“Come with me,” he said, turning around. He kissed my hand, inviting me to run away with him.

Let’s also apply what we just learned about orderly directions, and cut the unnecessary dialogue tag.

Jorge turned around. “Come with me.” He kissed my hand, inviting me to run away with him.

What did I just do? I took advantage of my friend the progressive verb.

A progressive verb is a verb ending in -ing. That ending tells us that the -ing verb is happening while something else is going on, while letting us cut the “while” or “as.”

“While” and “as” aren’t bad words. It’s not about the word, it’s how you use it. By all means, use “as” to make a simile (e.g., “as [adjective] as a [noun]”). “While” is an innocent preposition until proven guilty. The problem is using them to show more than one thing happening concurrently. Show me a manuscript which uses “while” or “as” in the first page in stage directions, and there’s a big chance that same construction will keep showing up over the next ten pages.

Doing a find/replace search for all instances of “as I,” “as we,” “as she,” “as he”  (depending on your POV), repeating the search with “while,” will help you see if you’re going overboard. Also be on the look-out for “then” and “before,” more signs of wordiness and or disorderly directions.

Use them a few times, and that’s fine. Do it a few times per page—or worse, per paragraph—and you’re just being unnecessarily wordy. Gone are the days when novelists are paid by the word.

The Divine Detail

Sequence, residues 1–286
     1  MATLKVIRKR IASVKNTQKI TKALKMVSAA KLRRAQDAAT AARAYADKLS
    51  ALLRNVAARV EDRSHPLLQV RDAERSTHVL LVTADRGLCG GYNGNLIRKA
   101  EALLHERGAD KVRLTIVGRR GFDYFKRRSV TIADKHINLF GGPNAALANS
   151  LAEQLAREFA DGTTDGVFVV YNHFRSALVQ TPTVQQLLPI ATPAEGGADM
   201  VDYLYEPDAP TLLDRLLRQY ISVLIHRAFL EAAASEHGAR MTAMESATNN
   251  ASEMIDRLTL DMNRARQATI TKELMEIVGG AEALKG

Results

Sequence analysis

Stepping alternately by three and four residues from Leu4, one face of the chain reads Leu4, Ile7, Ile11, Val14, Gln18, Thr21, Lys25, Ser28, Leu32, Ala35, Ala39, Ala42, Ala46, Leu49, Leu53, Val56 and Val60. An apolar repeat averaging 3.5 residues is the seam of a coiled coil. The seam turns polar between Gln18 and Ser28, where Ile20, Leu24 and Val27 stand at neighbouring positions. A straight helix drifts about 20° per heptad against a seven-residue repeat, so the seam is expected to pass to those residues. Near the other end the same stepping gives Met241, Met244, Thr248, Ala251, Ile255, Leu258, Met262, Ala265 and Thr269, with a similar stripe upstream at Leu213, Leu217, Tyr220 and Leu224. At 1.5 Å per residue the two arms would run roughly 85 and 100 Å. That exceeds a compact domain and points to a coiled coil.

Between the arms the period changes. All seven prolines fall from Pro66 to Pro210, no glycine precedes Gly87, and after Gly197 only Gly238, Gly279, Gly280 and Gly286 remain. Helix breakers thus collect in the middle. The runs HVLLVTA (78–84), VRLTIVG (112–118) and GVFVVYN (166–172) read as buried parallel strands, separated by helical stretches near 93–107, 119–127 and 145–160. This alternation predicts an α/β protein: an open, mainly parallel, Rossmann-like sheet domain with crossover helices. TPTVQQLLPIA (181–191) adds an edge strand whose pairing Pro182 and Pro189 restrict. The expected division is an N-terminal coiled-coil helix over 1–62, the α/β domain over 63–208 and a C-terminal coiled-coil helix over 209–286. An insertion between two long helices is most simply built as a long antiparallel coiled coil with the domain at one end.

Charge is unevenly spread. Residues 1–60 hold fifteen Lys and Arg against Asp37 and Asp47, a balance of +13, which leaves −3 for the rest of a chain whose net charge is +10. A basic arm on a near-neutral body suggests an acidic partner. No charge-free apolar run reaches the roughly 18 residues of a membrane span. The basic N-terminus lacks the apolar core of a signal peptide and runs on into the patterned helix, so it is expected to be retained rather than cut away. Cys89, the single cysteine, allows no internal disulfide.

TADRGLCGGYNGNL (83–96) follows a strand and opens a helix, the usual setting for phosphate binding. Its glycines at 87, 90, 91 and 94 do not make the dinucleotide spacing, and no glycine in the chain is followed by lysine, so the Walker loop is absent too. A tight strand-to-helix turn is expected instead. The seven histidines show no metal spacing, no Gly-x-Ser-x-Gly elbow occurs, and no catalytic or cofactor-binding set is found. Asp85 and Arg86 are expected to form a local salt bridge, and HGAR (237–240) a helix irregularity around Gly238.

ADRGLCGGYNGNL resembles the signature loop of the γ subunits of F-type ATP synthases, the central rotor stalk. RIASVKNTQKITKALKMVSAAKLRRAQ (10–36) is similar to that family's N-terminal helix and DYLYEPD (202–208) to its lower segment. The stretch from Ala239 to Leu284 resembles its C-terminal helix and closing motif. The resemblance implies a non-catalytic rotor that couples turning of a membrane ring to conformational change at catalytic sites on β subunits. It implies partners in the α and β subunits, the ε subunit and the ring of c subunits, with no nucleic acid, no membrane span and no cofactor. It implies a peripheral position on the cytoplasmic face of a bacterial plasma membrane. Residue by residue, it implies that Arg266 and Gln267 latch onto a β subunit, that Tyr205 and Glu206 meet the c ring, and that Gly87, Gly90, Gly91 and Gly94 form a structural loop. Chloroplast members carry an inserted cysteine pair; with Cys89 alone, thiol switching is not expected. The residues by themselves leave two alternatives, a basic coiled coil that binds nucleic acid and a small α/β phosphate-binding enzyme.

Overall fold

Remember, your novel has to compete with online, in-demand television and movies. You need to keep your reader’s attention. That doesn’t mean your novel needs explosions or murders every other chapter; it means your prose needs to be immediate and precise rather than longwinded and wordy. You want to be Robin Williams giving his Seize the Day speech, not Ben Stein droning about economics. The difference isn’t just subject, it’s diction. Do diction right, and you’ll engage readers that otherwise don’t care one iota about your subject. That is, until they start reading your book.

When describing, choose one or two vivid details, referred to by editors as “divine details” that can set the scene or characterize, and let the reader fill in the rest of the image. Compare the chaos of the drawing above (ain’t I an artiste?) with expansion drawings done by children:


Image via ArtMommie. Click for more images.

When the reader is allowed to contribute, your work takes on a new form. It evolves in the readers’ individual minds. It’s a spark which they build upon to create a conflagration.

Letting the Reader In

It doesn’t matter how brilliant of a writer you are—writing and reading are collaborative efforts, and that collaborative effort will bring more life and beauty to your work than you could hope to do by yourself.

Sometimes we write because we’re control freaks. We are the masters of the universe, and we will plot and plan and tell our characters exactly what they should do. But when we let our characters breathe and give them freedom, when we let the reader have some creative liberty, our work takes on a life of its own.

Maybe that’s a cliche, but if you want your work to live on after you’re gone, you need to let your reader experience your world naturally. You need to let them read between the lines and contribute to the meaning and world of your fiction. When you let them participate, readers will not only want to buy your books, they will want to reread your books over and over again, letting them become part of their life, seeing how their interpretations change over the years.